Don Giovanni with Erwin Schrott, Royal Opera, Covent Garden, February 2012Posted on 17 February 2012
Erwin Schrott was a remarkable Don, good looking, devilishly charming, but with a nasty streak hidden by an insouciant devil-may-care attitude. And his singing was equally remarkable, with an easy casualness as if he were simply talking. As his counterpoint and servant, Alex Esposito as Leporello sang and acted the part with utter conviction. His Madamina aria, where he recounts to the lovesick Elvira all Giovanni’s conquests had a wonderful leering quality, and his stage actions were always expressive but never over the top.
Yet this was more than just Schrott and Esposito, and the rest of the cast was excellent. Ruxandra Donose came over beautifully in her Covent Garden debut as Donna Elvira, as did Kate Lindsey as Zerlina, who really fell for the Don at first meeting, smartly interposing herself between him and her betrothed Masetto, very well portrayed by Matthew Rose. In her first Donna Anna at Covent Garden, Carmela Remigio brought charm and power to the role. Her sudden realisation in Act I that Don Giovanni is her father’s murderer was very powerful, and her late Act II aria Non mi dir was charmingly delivered to her betrothed Don Ottavio. He was nobly sung and portrayed by Pavol Breslik, also making his role debut at the Royal Opera, and Reinhard Hagen sang the Commendatore with the presence he has shown before in this and other roles.
The singers were very well served by this Francesca Zambello production, superbly revived by Barbara Lluch with attention to detail everywhere. The dialogue between Giovanni and Leporello at the start of Act II was enlivened by the Don almost fainting as his servant says they have to leave the women alone, and it was then really played for laughs as he temporarily left the stage. After he had brutally shoved Leporello into a wall, and later beaten up Masetto leaving him lying on the ground, Zerlina came along to her betrothed and started slapping him, to great amusement from the audience. The joke about Leporello’s wife came off beautifully too, giving just the right degree of lightness before the statue made its ominous pronouncement. Then at the end, after Giovanni has been consumed by the flames of hell, Masetto offers his hand to Leporello and gives him a hug. A nice touch. The flames were so bright they lit up the whole auditorium, and Paul Pyant’s lighting was particularly good in showing the darkness at appropriate times.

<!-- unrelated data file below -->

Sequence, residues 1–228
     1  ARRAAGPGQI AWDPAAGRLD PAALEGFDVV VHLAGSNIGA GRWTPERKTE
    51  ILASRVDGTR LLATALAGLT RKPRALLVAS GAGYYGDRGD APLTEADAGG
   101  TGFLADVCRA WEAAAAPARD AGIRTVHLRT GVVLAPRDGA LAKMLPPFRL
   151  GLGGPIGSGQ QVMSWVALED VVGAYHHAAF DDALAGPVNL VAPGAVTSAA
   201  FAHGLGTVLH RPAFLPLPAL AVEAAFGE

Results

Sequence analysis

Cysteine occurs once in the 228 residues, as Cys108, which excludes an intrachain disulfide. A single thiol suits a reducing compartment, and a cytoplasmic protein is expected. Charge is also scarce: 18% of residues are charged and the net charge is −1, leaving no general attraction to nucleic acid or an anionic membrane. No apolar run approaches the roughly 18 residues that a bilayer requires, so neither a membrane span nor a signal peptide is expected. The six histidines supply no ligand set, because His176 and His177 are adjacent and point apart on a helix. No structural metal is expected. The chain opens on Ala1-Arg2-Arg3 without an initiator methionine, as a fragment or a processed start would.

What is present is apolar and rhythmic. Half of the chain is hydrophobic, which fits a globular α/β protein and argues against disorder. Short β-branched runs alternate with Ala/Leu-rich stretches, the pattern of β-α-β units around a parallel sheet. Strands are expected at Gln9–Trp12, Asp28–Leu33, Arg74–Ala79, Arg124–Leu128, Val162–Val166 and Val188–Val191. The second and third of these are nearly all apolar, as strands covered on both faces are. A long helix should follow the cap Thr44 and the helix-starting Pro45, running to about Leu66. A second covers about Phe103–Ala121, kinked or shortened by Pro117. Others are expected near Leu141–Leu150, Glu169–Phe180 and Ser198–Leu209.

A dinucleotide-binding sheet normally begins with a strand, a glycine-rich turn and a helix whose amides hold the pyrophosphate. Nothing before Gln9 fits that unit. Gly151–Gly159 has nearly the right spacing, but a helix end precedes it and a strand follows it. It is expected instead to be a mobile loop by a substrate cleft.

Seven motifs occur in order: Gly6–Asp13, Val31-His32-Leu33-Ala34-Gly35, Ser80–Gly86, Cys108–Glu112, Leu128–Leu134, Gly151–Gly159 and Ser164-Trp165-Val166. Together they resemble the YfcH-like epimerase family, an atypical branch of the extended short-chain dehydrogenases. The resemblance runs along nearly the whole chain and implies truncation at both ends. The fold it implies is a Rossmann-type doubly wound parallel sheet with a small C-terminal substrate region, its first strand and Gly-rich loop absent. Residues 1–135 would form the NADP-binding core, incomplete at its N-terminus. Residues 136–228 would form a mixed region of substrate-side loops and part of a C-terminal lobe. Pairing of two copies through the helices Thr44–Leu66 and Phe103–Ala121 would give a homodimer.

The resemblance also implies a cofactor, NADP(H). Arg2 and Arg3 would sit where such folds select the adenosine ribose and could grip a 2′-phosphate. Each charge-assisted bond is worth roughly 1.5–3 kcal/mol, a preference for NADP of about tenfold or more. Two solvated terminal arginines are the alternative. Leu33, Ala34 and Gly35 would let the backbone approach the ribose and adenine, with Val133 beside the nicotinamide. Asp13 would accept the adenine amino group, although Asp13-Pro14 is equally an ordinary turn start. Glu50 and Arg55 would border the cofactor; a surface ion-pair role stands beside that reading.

Finally, the orchestra was very well paced under the direction of Constantinos Carydis, and the dramatic moment just before the statue appears at the banquet came over very strongly. One cannot easily find Don Giovanni better performed than this, and Erwin Schrott is unmissable.
Performances with this new cast continue until February 29 and seats are still available, though not in the Amphi — for details click here.